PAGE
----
Can Rights be Wrong?

Indiana and Arkansas are still in the news for their controversial bills adding the right to discriminate against LGBTQ people. It seems another polarizing issue and both the Left and the Right are completely unwilling to compromise. Should there be a compromise on discrimination? The clear answer is “no”, or is it?
Let’s put these vendors and purveyors of goods in a context outside LGBTQ rights.

A black photographer is hired by the KKK to cover a rally. The photographer doesn’t realize it’s the KKK and the KKK don’t know she is black. Now both parties surely don’t want to work with one another, but money has been exchanged and contracts are signed. The KKK cannot find another photographer to cover this important event and so they begrudgingly settle for this woman’s service, but she refuses returning the money. The KKK sues for breech of contract.

Next we have a doctor who specializes in cosmetic surgery. He consults with a woman who wants to augment her features. They come to a mutual agreement and exchange the proper funds and paper work. Just before he performs the surgery he notices bruises on the woman’s body and makes inquiry. She says it’s her boyfriend and she’s getting the surgery thinking it will please him, thus mitigating the abuse. The doctor decides he did not have all the information and it would be unethical to perform the surgery. He takes his fees for the consultation and returns the rest. The woman sues him for breech of contract.

You can think of myriad situations where people may have scruples differing with a client’s belief or reasons for soliciting services. A tattooist refusing to do a Swastika or a daycare center refusing service to the unvaccinated. The point being, are Christian’s practicing discrimination by sticking to their beliefs anymore than any of these aforementioned businesses?

The simple answer is “no”. Christians simply want the right to deny service to an act they view as an abomination and these people truly believe LGBTQ are living in hateful defiance of their loving god. However, marginalizing an already marginalized group never moves society forward. Should whites be able to refuse service to blacks? Absolutely not. So what is the difference? Is there one? Not really.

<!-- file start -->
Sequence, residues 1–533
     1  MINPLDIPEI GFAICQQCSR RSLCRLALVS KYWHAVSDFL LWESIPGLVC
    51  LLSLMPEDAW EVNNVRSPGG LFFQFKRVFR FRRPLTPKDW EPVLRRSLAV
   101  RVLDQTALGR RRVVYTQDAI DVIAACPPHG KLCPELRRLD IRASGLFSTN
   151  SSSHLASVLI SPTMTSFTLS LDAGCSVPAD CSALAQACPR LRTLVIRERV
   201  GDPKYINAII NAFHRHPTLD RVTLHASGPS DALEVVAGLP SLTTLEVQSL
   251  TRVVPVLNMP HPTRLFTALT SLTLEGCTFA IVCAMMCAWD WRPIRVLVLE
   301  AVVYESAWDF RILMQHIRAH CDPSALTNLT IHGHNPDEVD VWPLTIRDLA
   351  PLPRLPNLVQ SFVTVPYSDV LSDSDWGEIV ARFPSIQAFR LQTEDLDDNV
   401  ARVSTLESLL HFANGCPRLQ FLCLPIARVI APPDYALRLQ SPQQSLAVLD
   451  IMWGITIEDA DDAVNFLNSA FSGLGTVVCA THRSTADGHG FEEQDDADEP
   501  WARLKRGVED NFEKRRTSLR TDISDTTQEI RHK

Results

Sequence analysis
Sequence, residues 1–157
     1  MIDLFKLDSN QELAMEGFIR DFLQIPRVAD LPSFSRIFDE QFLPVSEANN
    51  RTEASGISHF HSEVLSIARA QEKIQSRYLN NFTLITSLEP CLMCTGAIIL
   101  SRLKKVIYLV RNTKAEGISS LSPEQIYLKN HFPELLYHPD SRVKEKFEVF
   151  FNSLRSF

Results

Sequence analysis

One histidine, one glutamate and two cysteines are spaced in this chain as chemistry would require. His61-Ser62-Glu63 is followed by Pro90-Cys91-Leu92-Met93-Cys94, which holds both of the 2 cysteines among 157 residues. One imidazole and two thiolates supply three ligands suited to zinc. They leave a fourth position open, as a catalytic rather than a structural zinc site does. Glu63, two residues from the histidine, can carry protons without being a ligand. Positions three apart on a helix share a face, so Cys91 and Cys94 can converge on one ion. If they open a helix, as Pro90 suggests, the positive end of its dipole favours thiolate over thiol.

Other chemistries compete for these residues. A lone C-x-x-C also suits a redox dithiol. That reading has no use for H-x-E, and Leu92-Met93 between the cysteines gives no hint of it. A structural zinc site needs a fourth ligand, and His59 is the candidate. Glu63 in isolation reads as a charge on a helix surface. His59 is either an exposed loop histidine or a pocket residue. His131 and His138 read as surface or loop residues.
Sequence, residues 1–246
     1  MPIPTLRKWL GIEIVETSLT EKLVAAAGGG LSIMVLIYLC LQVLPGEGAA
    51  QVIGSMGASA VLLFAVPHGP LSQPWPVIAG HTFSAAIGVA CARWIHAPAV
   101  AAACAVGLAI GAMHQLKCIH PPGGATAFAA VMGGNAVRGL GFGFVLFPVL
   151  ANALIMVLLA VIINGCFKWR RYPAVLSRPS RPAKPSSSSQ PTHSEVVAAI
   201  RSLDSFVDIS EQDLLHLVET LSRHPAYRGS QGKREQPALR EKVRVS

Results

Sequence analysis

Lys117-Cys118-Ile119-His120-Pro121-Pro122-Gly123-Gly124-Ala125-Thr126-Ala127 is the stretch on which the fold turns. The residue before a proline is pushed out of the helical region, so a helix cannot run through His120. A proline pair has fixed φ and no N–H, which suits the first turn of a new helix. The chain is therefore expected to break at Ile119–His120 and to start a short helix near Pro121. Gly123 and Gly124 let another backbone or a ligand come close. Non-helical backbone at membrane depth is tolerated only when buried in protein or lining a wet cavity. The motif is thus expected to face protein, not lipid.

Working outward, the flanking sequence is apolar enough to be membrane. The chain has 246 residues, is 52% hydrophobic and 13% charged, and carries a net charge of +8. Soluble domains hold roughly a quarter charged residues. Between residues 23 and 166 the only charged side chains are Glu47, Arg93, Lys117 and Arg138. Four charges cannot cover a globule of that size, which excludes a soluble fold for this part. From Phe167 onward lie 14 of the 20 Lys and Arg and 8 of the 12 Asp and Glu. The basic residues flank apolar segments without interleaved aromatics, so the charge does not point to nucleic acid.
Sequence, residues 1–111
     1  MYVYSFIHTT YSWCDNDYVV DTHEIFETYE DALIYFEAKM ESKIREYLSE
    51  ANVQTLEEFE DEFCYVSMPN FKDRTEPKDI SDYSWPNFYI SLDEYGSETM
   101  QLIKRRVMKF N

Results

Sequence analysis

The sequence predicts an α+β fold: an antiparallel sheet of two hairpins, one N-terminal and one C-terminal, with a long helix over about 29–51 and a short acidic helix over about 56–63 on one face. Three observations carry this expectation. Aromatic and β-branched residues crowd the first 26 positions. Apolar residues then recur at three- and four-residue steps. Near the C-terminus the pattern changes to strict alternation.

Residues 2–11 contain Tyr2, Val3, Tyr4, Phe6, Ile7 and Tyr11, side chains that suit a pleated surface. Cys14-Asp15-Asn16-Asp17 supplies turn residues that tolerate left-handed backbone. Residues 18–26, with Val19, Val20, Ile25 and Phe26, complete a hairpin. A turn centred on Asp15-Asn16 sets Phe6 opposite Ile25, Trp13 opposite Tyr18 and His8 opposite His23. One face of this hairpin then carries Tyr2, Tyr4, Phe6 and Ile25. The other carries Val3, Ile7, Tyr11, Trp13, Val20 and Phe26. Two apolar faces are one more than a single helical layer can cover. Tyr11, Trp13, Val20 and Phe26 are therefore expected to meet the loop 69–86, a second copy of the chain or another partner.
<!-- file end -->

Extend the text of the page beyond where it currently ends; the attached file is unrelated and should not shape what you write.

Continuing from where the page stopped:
Christians have no just reason for treating LGBTQ differently and are terribly inconsistent with their claimed reasons. We know LGBTQ people are not sexual devious any more than straight cisgender people. They struggle to maintain healthy loving partnerships just as much as straight cisgenders. They are just as terrified about that wedding day. So LGBTQs aren’t psychologically bent, it’s not about perverse sex, and they are not demanding straight cisgenders act in any way counter to their natural state. The only reason left is religion.

Christians are ridiculously disingenuous about what they choose to defend as traditional marriage. They rightly claim god despises gay sex, but a closer Biblical reading shows men can have many wives (in fact this is recommended). Women may be bought and sold as wives. Men must marry their rape victims and vice versa. On and on, the Bible has obscene recommendations regarding traditional marriage and yet Christians are only hung up on discriminating against LGBTQ people. Where’s the legislation demanding rape marriage and polygamy?

Thankfully society’s backlash to these bills indicate sure defeat, but in the interest of compromise and freedom to practice religion and run a business in a free market society this is my recommendation: If you want to make badly reasoned discrimination a legally backed business plan you must show bigotry is part of your business model. Put it on the shop door, the website header, and your mission statement. “No service for LGBTQ”. Put it out there big and bold if you are that sure your god wants that. You want to treat people badly for a completely natural state of being, you own it. Let the free market teach you how it feels to be discriminated against.

Obviously there are parts of this country where those businesses would thrive and possibly expand as we’ve seen with Chick-fil-Aand Hobby Lobby, so contact your legislators and let this know this is discrimination for the dumbest of reasons and you won’t stand for it. Christians are wrong and hateful for thinking any part of this could be justice, but that’s the beauty of this country. You have the right to be wrong. If the law won’t hold them accountable, then it is up to us to boycott their services. Maybe we should start with the source of all this non-sense and stop going to Church. If you really care about human rights, stop supporting one of the worst violators in all of history, or don’t. That’s your right.

Drive fast. Take chances. Thanks for reading.



Whoa to Atheists